Remarketing Your Website Keeps People Visiting

Most companies working to drive more traffic to their site know the frustration of seeing so many visitors, but not seeing them all converting into buyers. However, just because a visitor left your site doesn’t mean all hope is lost. There’s still a chance to find and convert them through something called remarketing.

So, what is remarketing?

Remarketing is an online marketing strategy of targeting ads to guests who have visited and left your site, so these ads may persuade them to revisit your site and convert from a visitor to a buyer.

This is something done specifically with Google Adwords, and the process goes something like this:

  1. Put a piece of Google Remarketing code, or a tag, on a page within your website. A tag relates specifically to what’s on the page. If your page is about offering web design services, for example, you may have a “web design” tag. You can put multiple tags on the page, but make sure they are related to the content (see below for more on tags).
  2. When a visitor goes to this page, interested in your web design services, the Google code will then place a cookie related to that tag in their browser history.
  3. If the visitor leaves your site without buying, that cookie will then allow Google to target them with specific ads after they leave. If they visit a website that’s part of the Google Display Network (GDN), such as Youtube, or many other main-stream sites, then they’ll see targeted ads based on the cookie. So the visitor who visited your web design page will see ads about your web design services.
  4. This then creates a second-chance to appeal to users about the services or products that interested them, and give your business another shot at converting them to buyers.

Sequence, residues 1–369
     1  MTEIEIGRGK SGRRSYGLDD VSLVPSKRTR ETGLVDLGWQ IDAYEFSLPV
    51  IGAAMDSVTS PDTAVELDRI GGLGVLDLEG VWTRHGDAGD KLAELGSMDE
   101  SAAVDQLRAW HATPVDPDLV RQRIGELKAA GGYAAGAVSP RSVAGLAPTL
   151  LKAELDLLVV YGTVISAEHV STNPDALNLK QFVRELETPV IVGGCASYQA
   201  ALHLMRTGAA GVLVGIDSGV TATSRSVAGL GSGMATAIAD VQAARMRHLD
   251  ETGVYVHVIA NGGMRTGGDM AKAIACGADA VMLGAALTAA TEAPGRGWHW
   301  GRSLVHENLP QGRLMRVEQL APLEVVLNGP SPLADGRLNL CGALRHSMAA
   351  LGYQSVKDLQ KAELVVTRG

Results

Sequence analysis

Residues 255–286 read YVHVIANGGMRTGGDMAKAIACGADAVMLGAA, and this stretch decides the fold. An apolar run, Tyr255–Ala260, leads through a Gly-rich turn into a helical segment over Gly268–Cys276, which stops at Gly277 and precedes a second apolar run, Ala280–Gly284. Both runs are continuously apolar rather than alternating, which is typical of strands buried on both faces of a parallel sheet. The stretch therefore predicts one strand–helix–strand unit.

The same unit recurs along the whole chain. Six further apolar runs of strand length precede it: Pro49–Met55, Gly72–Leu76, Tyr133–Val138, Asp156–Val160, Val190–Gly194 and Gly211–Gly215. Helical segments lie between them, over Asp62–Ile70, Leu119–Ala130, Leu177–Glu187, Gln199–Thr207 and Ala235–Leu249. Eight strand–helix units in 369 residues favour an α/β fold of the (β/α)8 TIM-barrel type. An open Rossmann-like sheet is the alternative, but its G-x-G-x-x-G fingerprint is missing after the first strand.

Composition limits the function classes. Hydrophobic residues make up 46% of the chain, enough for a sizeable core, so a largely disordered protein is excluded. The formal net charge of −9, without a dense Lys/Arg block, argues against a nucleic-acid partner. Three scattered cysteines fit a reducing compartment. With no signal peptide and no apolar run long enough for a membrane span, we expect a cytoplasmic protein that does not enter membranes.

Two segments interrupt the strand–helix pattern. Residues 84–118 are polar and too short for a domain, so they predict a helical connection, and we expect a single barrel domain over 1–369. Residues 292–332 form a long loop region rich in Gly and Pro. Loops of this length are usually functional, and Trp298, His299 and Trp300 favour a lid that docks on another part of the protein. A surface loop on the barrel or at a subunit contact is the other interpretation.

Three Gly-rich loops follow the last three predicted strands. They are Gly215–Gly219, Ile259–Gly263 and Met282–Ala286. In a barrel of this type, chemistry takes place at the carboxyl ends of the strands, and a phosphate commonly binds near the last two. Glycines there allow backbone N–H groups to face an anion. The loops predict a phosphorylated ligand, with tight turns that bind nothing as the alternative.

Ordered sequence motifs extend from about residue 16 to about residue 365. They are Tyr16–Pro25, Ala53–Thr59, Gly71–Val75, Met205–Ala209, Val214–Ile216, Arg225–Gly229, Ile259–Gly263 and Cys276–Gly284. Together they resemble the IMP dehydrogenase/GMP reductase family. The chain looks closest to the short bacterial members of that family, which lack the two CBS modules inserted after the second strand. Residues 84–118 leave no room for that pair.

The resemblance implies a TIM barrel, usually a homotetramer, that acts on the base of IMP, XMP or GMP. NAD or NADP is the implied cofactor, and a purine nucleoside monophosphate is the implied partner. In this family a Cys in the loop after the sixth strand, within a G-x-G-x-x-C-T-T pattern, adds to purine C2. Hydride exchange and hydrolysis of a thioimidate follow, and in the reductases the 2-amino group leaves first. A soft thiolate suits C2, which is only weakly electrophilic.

It sounds complicated, but the result is simple: you continue marketing the services that interested your user, even after they’re gone.

REMARKETING-feature3
(Image courtesy of LeadSquared – Google Ads Remarketing)

How can I take advantage of remarketing?

One of the key tricks for a good remarketing strategy is having a wide sales funnel so you can target users based on a lot of different interests.

What this means is that you should aim to attract users with a variety of interests related to your site. If you offer a wide selection of marketing services, make your sales funnel so you’re attracting users based on that broad interest. After they’ve arrived on your site, showcase the specific marketing services you offer, so users with those specific interests will visit those site pages. For example, people who prefer the SEO aspect of online marketing will be funneled to the page with your SEO services.

Once you’ve funneled your online audience this way, you’ll be in a much better position to remarket your services to them. Choose specific remarketing tags based on each specific service for these pages. This way, if your users decide to leave your site, the ads targeting them will appeal to their best known interests, and they’ll be more likely to return and convert.

What pages should I put remarketing tags on?